Thomas Warren (cricketer)

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Thomas Henry Warren (8 October 1859 – 22 April 1936) was an English cricketer active from 1882 to 1895 who played for Leicestershire. He appeared in fifteen first-class matches as a righthanded batsman who bowled right arm fast medium. He scored 313 runs with a highest score of 33 and took two wickets with a best performance of two for 34. [1]

Leicestershire County Cricket Club Cricket Team

Leicestershire County Cricket Club is one of eighteen first-class county clubs within the domestic cricket structure of England and Wales. It represents the historic county of Leicestershire. It has also been representative of the county of Rutland. The club's limited overs team is called the Leicestershire Foxes. Founded in 1879, the club had minor county status until 1894 when it was promoted to first-class status pending its entry into the County Championship in 1895. Since then, Leicestershire have played in every top-level domestic cricket competition in England.

Batting (cricket) a skill in the sport of cricket

In cricket, batting is the act or skill of hitting the ball with a bat to score runs or prevent the loss of one's wicket. Any player who is currently batting is denoted as a batsman, regardless of whether batting is their particular area of expertise. Batsmen have to adapt to various conditions when playing on different cricket pitches, especially in different countries - therefore, as well as having outstanding physical batting skills, top-level batsmen will have lightning reflexes, excellent decision-making and be good strategists.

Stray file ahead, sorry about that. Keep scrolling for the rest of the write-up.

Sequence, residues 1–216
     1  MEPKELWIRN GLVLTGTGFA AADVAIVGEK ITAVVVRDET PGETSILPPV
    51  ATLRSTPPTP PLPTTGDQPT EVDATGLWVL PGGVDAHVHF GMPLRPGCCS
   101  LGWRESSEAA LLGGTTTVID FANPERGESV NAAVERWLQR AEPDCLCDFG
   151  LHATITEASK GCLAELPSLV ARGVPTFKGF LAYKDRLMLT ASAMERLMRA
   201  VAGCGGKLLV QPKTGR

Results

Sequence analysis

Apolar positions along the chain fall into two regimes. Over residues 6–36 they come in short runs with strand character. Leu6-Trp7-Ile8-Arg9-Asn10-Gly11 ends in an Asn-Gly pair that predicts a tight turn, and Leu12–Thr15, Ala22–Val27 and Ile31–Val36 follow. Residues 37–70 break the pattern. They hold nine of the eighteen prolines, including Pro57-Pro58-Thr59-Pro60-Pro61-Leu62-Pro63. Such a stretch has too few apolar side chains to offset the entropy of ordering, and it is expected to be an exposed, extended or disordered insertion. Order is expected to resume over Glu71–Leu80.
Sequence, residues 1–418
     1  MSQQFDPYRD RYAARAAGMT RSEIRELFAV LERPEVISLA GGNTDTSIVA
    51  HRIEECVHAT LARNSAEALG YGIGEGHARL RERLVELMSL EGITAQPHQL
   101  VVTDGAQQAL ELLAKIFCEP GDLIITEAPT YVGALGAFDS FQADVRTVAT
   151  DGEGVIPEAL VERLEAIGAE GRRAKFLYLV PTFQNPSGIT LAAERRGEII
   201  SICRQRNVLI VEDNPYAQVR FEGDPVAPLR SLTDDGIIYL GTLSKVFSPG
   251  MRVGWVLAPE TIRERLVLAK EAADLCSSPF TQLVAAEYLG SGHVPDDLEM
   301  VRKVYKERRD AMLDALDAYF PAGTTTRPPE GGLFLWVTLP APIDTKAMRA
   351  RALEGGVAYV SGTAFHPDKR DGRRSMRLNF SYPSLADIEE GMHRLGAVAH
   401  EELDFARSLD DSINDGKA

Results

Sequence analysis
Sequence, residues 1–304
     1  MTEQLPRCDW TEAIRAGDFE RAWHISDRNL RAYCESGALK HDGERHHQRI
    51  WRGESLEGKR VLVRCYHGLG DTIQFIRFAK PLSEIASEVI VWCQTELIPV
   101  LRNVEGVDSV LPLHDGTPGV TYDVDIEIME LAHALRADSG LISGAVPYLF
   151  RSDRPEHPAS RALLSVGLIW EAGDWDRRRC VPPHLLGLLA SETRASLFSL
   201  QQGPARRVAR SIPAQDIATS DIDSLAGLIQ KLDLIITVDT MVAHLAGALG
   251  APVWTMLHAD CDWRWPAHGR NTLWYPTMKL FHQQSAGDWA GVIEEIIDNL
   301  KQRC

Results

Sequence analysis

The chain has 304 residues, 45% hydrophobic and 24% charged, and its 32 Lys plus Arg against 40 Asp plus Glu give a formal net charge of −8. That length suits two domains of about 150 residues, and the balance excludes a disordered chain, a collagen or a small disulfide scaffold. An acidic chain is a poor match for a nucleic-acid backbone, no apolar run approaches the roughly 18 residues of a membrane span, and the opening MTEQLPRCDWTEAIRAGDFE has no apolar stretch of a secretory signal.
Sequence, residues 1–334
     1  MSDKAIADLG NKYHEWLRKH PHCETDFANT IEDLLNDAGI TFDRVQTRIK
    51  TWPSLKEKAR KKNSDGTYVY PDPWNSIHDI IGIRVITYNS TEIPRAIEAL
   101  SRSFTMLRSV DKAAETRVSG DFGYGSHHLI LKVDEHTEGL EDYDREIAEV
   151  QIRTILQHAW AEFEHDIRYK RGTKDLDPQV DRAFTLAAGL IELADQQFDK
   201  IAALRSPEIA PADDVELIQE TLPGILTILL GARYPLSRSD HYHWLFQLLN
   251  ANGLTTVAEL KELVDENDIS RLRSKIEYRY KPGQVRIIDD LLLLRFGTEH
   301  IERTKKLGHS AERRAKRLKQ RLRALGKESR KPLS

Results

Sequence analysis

Bowling (cricket) cricket delivery

Bowling, in cricket, is the action of propelling the ball toward the wicket defended by a batsman. A player skilled at bowling is called a bowler; a bowler who is also a competent batsman is known as an all-rounder. Bowling the ball is distinguished from throwing the ball by a strictly specified biomechanical definition, which restricts the angle of extension of the elbow. A single act of bowling the ball towards the batsman is called a ball or a delivery. Bowlers bowl deliveries in sets of six, called an over. Once a bowler has bowled an over, a teammate will bowl an over from the other end of the pitch. The Laws of Cricket govern how a ball must be bowled. If a ball is bowled illegally, an umpire will rule it a no-ball. If a ball is bowled too wide of the striker for the batsman to be able to play at it with a proper cricket shot, the bowler's end umpire will rule it a wide.


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